I learnt of the Gurkhas well before I got to know Chicken Saab–of previous blog–through my father’s stories about them from when he was posted as an army dentist to Hong Kong during the ’70s.
He became and has remained a staunch fan of Gurkha soldiers and their homeland of Nepal, and round the family home are sketches of Nepalese life and people. There’s also a couple of kukri knives–the Gurkhas’ famous close combat weapon–dotted around the house.
A ferocious blade lay beneath the scabbard as well as a small notch just above the handle, which I’ve always remembered being told served to let the blood drip off the blade and not get on the hand of the kukri wielder so that a good grip could be maintained.
Gurkha soldiers were a constant feature during my time in the army. I remember one occasion when it was like an optical illusion: there were dozens of them dressed immaculately and identically in green blazers and khaki trousers and they all appeared around 5 ft 2 inches in height.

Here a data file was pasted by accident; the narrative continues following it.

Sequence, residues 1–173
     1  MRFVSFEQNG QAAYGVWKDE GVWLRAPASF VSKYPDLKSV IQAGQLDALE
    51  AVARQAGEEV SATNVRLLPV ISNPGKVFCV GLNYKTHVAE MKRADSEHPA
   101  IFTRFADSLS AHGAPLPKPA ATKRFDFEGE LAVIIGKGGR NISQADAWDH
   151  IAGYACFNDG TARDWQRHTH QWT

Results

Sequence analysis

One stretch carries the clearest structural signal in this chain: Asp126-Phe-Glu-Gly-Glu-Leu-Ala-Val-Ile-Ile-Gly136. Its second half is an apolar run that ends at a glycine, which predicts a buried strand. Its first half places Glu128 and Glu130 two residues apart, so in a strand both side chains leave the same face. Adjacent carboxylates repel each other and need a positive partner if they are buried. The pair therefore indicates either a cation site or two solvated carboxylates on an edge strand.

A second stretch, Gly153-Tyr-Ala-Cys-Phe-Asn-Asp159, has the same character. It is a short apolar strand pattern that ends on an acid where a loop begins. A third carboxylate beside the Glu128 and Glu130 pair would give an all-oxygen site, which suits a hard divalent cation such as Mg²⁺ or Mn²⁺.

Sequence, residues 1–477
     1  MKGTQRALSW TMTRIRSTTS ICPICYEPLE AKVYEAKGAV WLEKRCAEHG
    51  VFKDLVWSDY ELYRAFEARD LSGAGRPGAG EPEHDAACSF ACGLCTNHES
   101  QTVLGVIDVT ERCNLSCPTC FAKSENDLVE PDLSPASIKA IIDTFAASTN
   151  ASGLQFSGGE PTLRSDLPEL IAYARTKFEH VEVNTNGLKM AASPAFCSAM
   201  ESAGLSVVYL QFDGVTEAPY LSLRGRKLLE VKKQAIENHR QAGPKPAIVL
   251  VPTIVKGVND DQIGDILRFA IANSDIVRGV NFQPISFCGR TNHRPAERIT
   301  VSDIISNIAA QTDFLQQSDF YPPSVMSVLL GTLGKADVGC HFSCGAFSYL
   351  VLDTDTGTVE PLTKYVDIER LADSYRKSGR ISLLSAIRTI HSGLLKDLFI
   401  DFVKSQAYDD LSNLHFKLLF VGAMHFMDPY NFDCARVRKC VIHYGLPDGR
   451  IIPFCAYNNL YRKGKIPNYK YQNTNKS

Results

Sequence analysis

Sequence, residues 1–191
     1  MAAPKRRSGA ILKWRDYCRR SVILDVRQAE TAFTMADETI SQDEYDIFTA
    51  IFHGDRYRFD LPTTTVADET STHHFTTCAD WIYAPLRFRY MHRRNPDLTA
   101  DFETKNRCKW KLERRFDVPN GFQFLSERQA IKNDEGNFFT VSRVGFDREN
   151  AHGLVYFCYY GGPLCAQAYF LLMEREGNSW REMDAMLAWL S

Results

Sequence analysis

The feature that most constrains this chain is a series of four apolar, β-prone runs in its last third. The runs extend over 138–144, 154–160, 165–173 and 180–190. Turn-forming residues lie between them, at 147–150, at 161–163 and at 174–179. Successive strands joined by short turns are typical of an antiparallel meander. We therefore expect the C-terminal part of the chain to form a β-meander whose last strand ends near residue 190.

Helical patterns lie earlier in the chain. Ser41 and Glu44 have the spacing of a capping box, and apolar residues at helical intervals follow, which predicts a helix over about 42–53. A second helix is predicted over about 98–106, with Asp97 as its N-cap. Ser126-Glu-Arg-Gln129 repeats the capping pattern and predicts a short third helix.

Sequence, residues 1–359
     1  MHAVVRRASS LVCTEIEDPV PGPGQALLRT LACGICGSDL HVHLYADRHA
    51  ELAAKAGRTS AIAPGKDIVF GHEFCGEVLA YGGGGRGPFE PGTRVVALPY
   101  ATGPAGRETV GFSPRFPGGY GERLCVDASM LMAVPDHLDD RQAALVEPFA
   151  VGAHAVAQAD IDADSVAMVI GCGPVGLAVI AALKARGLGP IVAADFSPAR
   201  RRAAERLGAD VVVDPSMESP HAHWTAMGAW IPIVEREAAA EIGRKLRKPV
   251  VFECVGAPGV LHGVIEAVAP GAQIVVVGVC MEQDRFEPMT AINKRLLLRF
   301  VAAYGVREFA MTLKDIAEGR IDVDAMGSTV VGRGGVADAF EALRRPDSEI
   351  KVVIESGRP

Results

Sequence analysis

Despite their reputation for being extremely tough fighters, they always proved very friendly and polite. Like all soldiers they had a rambunctious side, and in Germany they also had a reputation for being avid visitors of the brothels–not that surprising considering many of them remained thousands of miles away from their families in Nepal for as long as two years and counting.
I imagine that if you ever go on a Zambian safari with Chicken Saab it’s likely you might see a kukri at some point, though for a much more benign reason than it’s original design.